Harmful Algal Blooms and California Fisheries

We led a working group to explore harmful algal blooms (HABs) and toxins in the marine environment, and their impact to fisheries along the coast of California.


Harmful Algal Blooms Workshop Summary: Key Themes, Highlights, and Next Steps

March 2018

Includes lessons learned from Oregon, Washington, and federal government and focuses on how the scientific understanding of harmful algal blooms can inform domoic acid monitoring for seafood safety in California.

Download the Summary here


Framing the Scientific Opportunities on Harmful Algal Bloocover-snapshotms and California Fisheries:
Scientific Insights, Recommendations and Guidance for California

October 2016

Developed by a working group of the Ocean Protection Council Science Advisory Team and California Ocean Science Trust

Download the report here (PDF)


Frequently Asked Questions: Harmful Algal Blooms and California Fisheries

faq-cover-imageAugust 2016

Developed by California Ocean Science Trust in response to the 2015-2016 domoic acid event

Download the report here (PDF)


In 2015 and 2016, elevated levels of domoic acid were observed in major commercial and recreational shellfisheries in California, including Dungeness crab and rock crab, leading to health advisories and fishery closures during the 2015/16 season. Given California’s changing ocean conditions and increasing threats to coastal economies, the State is interested in exploring opportunities to bolster its existing seafood biotoxin sampling and harmful algal bloom (HAB) monitoring programs, as well as advance our understanding and ability to predict HAB events and fishery impacts.


Project timeline: June – October 2016

In response to these events, the California Ocean Protection Council (OPC) and the Interagency Marine Harmful Algal Bloom Task Force (Task Force) have asked California Ocean Science Trust to convene an OPC Science Advisory Team (SAT) working group to:

  • Explore the science supporting California’s existing HAB and biotoxin monitoring in the marine environment along the coast of California; and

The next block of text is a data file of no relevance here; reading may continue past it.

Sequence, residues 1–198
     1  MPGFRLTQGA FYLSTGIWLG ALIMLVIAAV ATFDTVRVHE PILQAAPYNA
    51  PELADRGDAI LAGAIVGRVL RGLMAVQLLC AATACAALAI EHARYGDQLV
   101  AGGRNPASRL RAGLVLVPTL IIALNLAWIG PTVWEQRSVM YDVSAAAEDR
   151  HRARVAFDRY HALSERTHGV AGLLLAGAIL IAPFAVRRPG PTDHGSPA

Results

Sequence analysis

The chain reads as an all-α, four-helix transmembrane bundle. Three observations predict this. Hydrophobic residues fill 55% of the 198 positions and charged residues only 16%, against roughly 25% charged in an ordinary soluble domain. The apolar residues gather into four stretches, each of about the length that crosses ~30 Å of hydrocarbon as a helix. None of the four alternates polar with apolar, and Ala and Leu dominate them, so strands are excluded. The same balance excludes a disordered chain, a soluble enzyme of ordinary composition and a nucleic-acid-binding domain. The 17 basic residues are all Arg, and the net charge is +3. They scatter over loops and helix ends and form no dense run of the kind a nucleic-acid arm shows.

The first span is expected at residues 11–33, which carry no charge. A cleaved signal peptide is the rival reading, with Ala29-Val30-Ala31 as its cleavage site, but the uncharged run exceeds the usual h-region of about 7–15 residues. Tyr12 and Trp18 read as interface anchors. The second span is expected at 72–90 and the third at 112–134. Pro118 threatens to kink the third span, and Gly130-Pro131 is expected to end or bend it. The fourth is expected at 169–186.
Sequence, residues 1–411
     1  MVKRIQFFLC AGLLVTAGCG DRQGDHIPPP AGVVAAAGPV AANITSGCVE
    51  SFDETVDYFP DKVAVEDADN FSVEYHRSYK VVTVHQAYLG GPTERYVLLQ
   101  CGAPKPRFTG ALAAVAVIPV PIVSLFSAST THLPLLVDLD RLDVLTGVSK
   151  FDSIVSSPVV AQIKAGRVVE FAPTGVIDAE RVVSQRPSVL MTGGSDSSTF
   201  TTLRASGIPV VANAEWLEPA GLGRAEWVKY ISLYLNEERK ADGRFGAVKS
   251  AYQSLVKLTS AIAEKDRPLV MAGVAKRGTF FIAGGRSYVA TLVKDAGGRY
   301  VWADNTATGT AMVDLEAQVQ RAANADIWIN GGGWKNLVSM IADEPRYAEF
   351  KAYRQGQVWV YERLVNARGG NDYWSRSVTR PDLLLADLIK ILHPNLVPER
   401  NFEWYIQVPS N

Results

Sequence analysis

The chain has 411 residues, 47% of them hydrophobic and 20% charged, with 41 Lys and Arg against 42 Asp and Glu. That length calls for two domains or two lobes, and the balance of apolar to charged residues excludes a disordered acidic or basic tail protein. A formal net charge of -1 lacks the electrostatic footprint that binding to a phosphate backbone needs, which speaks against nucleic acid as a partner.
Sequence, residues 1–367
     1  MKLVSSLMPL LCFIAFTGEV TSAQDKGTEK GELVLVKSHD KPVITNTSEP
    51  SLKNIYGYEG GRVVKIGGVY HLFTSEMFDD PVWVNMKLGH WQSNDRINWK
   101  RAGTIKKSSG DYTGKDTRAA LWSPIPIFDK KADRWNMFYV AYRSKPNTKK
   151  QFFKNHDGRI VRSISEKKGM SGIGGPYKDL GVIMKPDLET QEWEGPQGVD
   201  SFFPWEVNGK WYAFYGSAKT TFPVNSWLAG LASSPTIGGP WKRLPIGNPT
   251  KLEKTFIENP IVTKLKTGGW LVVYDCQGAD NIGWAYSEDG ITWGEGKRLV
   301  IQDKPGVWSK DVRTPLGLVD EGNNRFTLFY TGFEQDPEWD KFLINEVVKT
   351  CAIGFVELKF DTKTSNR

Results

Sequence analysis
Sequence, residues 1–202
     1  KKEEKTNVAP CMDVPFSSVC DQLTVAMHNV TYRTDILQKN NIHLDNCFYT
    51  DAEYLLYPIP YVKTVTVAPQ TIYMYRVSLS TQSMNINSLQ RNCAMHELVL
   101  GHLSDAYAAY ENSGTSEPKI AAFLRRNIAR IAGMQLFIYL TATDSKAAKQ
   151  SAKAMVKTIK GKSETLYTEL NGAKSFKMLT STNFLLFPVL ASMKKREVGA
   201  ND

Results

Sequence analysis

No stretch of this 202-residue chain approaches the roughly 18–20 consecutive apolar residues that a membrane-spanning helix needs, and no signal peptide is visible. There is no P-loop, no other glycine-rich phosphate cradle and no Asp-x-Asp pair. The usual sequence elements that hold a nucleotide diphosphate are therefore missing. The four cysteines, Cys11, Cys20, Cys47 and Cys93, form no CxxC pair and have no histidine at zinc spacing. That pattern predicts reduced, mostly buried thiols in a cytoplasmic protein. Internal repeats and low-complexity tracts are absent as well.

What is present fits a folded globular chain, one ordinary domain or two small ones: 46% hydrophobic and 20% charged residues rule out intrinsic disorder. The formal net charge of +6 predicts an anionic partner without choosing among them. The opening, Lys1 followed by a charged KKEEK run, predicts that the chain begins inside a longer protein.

• Provide scientific guidance on how to add capacity and support state needs, as described below.


Frequently Asked Questions (FAQ) document. Ocean Science Trust developed an FAQ document based on questions submitted by fishing leadership, agencies and regulators, and others. This document prioritized answering questions that do not require additional research, and focuses on four topical areas:

  • HABs and seafood toxin monitoring efforts in California
  • Domoic acid and California fisheries
  • Human health and seafood safety concerns
  • California’s fishery and seafood toxin management

Download the report here (PDF)


Scientific Guidance Document. We worked closely with the SAT working group to develop scientific guidance and options for adding capacity to the State’s existing HAB monitoring and sampling efforts. This document:

  • reflects on our current understanding of harmful algal blooms in light of the 2015-16 domoic acid event
  • identifies primary science needs
  • determines how the scientific community can best add capacity to the State as we prepare for future toxic bloom events in California.

Download the report here (PDF)


Dr. Dave Caron
Professor of Biological Sciences, University of Southern California

Dr. WIlliam Cochlan
Senior Research Scientist, Romberg Tiburon Center for Environmental Studies, San Francisco State University

Dr. Raphe Kudela
Professor, Ocean Sciences Department, University of California, Santa Cruz

Dr. Gregg Langlois
Senior Environmental Scientist, California Department of Health (retired), Interagency Marine HAB Task Force 

Additional Resources

  • Scope of Work (PDF)
  • SAT Working Group 6/27/2016 workshop agenda
  • Full list of submitted questions (PDF)
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